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By 2017, the euphoric effect of the 2014 takeover of Crimea from Ukraine had slowly worn off. A poll that year revealed that Russians wanted their government to shift its focus from foreign to domestic policy. Respondents said that it was time to concentrate on the economy and social issues.
The year 2018 appears to have been pivotal. The decision to raise the retirement age announced that summer, along with other unpopular economic policies, caused discontent. Government approval ratings tumbled sharply and have stayed comparably low since, according to a separate Levada poll.
A strong protest vote during the municipal and regional elections in September 2018, when several gubernatorial elections broke with recent tradition and went to second rounds of voting, suggested that a demand for change does exist. Russia’s civil society has awakened from its slumber and become more active again.
Five social groups are most in favor of comprehensive change, according to our poll:
Among those who do not support change are:
Increasingly, demands for change have political connotations, and it is becoming more common to hear criticism of President Vladimir Putin. While blame is still shifted to other actors—such as government bureaucrats, the prime minister, individual ministers, and oligarchs—Putin increasingly receives his share of criticism and is treated on the same level as other government officials.
This is a very important development. After Russia’s seizure of Crimea, Putin became the country’s symbol and standard-bearer, an untouchable political deity. But his divine essence began to dwindle after 2018 and a human being reemerged, whom many people appear to like a whole lot less.
Putin’s recent actions, such as the government reshuffle and proposal to include guarantees of pension indexation in the constitution, are the authorities’ answers to this demand for change.
Not really. When asked which Russian politician “can offer a road map for change,” 39 percent of respondents had no answer. This figure has risen sharply since 2017 and reflects the continued lack of alternatives to Putin. The president remains at the top of the list of potential modernizers. However, this status seems to be a legacy of his former stellar rating.
Behind him in the list stand two veteran leaders of parliamentary “opposition” parties that are in fact loyal to Putin: Vladimir Zhirinovsky of the Liberal Democratic Party of Russia and Communist Party leader Gennady Zyuganov, both of whom trail Putin by a large margin. Not far behind them is Pavel Grudinin, the Communist Party presidential candidate in 2017–2018. Outside the system, opposition leader Alexei Navalny has the same level of support as Putin’s most popular cabinet member, Defense Minister Sergei Shoigu.
Probably not. It is far from certain that respondents are prepared to alter their own behavior in order to meet the challenges of societal change. People are unlikely, for example, to embrace change that results in higher living costs and the potential loss of their position in society.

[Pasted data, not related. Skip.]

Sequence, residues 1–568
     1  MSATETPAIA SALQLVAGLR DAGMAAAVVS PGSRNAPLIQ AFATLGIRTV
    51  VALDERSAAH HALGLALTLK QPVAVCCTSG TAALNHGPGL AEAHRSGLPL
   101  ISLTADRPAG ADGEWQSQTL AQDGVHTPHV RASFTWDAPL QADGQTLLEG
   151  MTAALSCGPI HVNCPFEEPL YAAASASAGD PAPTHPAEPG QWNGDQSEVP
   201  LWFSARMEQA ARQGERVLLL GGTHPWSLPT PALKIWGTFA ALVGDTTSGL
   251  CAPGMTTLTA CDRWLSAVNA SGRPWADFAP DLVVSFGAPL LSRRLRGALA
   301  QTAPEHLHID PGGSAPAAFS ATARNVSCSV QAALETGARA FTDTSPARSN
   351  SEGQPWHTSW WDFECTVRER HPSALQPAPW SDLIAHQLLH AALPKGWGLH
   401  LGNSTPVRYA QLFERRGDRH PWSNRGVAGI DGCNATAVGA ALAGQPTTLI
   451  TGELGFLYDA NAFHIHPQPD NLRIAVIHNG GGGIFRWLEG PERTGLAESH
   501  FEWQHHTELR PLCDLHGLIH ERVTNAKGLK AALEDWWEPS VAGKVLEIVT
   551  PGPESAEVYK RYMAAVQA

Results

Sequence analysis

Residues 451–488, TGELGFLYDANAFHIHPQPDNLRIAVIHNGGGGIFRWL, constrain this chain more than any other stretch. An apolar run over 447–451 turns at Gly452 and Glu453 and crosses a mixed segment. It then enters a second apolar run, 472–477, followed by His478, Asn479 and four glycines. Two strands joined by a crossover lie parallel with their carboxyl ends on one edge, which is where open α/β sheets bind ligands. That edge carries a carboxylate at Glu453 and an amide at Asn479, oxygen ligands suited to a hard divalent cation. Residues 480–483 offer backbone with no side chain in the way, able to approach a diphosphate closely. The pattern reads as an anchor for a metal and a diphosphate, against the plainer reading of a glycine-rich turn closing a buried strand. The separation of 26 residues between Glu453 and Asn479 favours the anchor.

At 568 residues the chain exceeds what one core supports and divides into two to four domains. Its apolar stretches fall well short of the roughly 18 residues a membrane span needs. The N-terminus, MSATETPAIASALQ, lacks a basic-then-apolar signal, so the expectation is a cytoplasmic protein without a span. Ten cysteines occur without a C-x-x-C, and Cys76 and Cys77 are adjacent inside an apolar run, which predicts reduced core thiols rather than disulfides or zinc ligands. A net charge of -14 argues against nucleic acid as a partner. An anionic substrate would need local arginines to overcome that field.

What’s more, most respondents do not believe that they can influence the introduction or direction of future changes. This is the case for most senior citizens and the poor, who are forced to rely on the state for assistance. As many as 70 percent of these people feel that they are unable to affect any changes. They see the state as the main political and economic actor, since it controls resources and has the necessary mechanisms to manage and distribute national wealth.
Yes. Almost 40 percent of the respondents said that they can influence changes, at least somewhat. These are mostly people under the age of forty, affluent Russians, and Muscovites. Up to half of the members of these groups can be described as moderate optimists. The young, most educated, and affluent generally have more upbeat civic-minded people in their midst.
Apart from participating in elections, which is increasingly a ritual form of expressing confidence or no confidence in the current regime, civic activism consists of uniting with others to sign open letters and petitions, and file complaints and inquiries. People do not really see this form of activism as a way to achieve serious changes. Rather, it serves as a method of fighting for their rights, a technique that could lead to minor improvements in their daily lives.
The fact that so many Russians are ready for change indicates that, while not gearing up for a revolution, society wants at least to nudge the government toward changes that are primarily socioeconomic, but also administrative and political in nature.
But the public does not want change at its own expense. Russians still believe that the state is the main tool for the redistribution of national wealth, and that it must do its job more efficiently.
If the thirst for political change continues to gain momentum in Russia, full-scale demand for political freedoms and alternatives may emerge quite soon. Should a civic movement come together, government authorities could be forced to allow greater political freedoms.
So far, the state appears totally unprepared to do this. In fact, it has been drifting toward greater authoritarianism. Here is where the key contradiction of the next few years lies: Russian society will be developing faster than the state, potentially leaving the latter behind.
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